Art Toombs Ministries 

Online Bible Commentary

This New Doctrine
Acts 17:16 Now while Paul waited for them at Athens, his spirit was provoked within him when he saw that the city was given over to idols. 17 Therefore he reasoned in the synagogue with the Jews and with the Gentile worshipers, and in the marketplace daily with those who happened to be there. 18 Then certain Epicurean and Stoic philosophers encountered him. And some said, "What does this babbler want to say?" Others said, "He seems to be a proclaimer of foreign gods," because he preached to them Jesus and the resurrection. 19 And they took him and brought him to the Areopagus, saying, "May we know what this new doctrine is of which you speak? 20 For you are bringing some strange things to our ears. Therefore we want to know what these things mean." 21 For all the Athenians and the foreigners who were there spent their time in nothing else but either to tell or to hear some new thing. (NKJV)


The time is about A.D. 50. Paul is on his second missionary journey. Paul is now in Athens, Greece. He is alone, waiting for the arrival of Silas and Timothy from Berea, Macedonia where they are helping to start a church. 

While Paul waited on the others to arrive he was “provoked”, burdened, by all the idols in the city (v. 16). The Greeks had a “god” for every need in life. It is said that there were more idols in Athens than men. 

Paul wasted little time in beginning his ministry in Athens. He continued to work hard and long hours sharing the Gospel. He preached in the synagogue to the Jews and Gentiles who had converted to Judaism (v. 17a).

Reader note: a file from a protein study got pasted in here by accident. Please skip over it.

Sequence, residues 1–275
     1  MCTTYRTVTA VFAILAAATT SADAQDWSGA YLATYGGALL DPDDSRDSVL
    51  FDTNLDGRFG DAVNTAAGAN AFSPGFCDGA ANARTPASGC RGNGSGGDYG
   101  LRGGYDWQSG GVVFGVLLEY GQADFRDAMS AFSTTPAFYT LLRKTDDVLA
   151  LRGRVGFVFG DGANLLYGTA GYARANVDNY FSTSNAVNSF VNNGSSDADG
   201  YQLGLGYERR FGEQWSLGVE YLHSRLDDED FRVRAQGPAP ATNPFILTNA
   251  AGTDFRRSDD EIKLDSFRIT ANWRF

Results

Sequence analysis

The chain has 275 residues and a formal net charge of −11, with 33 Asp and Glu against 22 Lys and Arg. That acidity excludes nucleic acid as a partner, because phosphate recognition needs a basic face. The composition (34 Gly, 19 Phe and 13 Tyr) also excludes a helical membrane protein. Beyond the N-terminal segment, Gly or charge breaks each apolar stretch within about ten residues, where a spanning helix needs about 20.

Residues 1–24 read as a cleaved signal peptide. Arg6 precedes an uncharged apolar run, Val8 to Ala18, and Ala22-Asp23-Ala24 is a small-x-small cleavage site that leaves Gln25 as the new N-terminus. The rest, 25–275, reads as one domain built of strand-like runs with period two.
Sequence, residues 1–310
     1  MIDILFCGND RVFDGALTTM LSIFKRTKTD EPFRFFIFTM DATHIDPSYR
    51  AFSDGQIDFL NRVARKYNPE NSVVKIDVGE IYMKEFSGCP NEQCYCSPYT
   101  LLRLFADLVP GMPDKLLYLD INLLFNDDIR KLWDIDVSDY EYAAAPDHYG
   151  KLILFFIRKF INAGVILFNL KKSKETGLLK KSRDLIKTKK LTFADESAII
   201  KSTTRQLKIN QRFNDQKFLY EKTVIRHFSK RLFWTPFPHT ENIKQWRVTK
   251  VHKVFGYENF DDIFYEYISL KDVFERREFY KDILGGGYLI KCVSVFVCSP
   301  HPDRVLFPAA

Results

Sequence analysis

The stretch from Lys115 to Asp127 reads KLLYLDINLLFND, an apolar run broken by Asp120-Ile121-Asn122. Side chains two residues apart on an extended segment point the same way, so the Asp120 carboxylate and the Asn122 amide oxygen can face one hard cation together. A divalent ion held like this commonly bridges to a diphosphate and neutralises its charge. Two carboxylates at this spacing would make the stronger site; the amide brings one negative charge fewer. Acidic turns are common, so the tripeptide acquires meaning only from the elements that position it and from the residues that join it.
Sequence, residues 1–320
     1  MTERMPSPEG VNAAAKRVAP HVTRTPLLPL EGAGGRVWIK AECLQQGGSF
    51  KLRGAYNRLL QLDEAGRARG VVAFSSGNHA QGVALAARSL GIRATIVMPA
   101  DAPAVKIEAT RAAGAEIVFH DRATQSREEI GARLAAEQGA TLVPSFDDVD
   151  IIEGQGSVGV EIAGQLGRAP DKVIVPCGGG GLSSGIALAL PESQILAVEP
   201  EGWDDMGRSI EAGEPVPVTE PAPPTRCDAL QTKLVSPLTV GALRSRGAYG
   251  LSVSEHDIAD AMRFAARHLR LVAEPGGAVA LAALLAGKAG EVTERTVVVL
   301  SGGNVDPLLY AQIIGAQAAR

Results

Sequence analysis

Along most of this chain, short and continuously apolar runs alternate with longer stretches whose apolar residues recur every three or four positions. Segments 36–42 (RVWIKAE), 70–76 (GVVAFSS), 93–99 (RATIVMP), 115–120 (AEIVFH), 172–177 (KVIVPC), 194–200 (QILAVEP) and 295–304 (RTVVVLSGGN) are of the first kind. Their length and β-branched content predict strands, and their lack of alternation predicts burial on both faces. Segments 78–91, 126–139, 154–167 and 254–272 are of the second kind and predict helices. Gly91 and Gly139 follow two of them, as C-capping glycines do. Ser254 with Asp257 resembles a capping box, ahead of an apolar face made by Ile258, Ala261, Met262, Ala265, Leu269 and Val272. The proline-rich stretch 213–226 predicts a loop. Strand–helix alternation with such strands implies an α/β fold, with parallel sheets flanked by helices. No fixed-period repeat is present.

When he wasn’t doing that he would preach in the “marketplace” to the general population (v. 17b). Here he would encounter a different audience than the synagogue, those who took part in idol worship.

In the marketplace, Paul was approached by “Epicurean and Stoic philosophers” (v. 18a). These were the supposed elite of Athens, which was the cultural center of Greece, known for its fine arts and education. These were Athenians who had plenty of time on their hands. They were the wealthy, the business owners, and the retired. They spent their days debating one another in the marketplace about all kinds of subjects. 

The Epicureans were followers of the Greek philosopher Epicurus. Epicurus taught that achieving pleasure should be the primary purpose in life, instead of gaining knowledge or wisdom. Their pleasure was derived from sensuous activities, such as partaking of fine food and wine, but not over indulging in anything. Epicurus was celibate and a vegetarian, but he did not impose that upon his followers. 

Epicureans’ emphasis was on friendships as the basis of a satisfied life. They believed in gods who did not involve themselves in their lives. There religion was probably closest to Buddhism. 

The Stoics believed that they should seek after wisdom. They believed that this could best be achieved by remaining stoic, free from expressing any intense emotions. 

Stoics submitted themselves to natural law and would not allow themselves to be controlled by pleasure or pain. They believed that wisdom could be attained through the use of reason or logic. Stoics were pantheistic, believing in many gods. 

As the Epicureans and Stoics listened to Paul share the Gospel they concluded that he was nothing more than a “babbler” who was proclaiming “foreign gods”, gods different than their own (v. 18b). They took Paul to Mars Hill where the “Aeropagus”, similar to our Supreme Court, met (v. 19a). 

Paul was not being tried but simply being given a platform for him to formally present his case in the presence of the members of the court and the crowds that would gather there. There, they asked him "May we know what this new doctrine is of which you speak (v. 19b)? 

They wanted to hear more about the “strange things” they were hearing (v. 20). The “Athenians and foreigners” met on Mars Hill for this express purpose, just “to tell or hear about some new thing” (v. 21). 

So Paul possessed this new doctrine that these elitists wanted to hear. Was this curiosity or did it signify that their belief system was not giving them peace? Peace is what everyone searches for, but not all find. Peace can only be found in a relationship with Jesus Christ.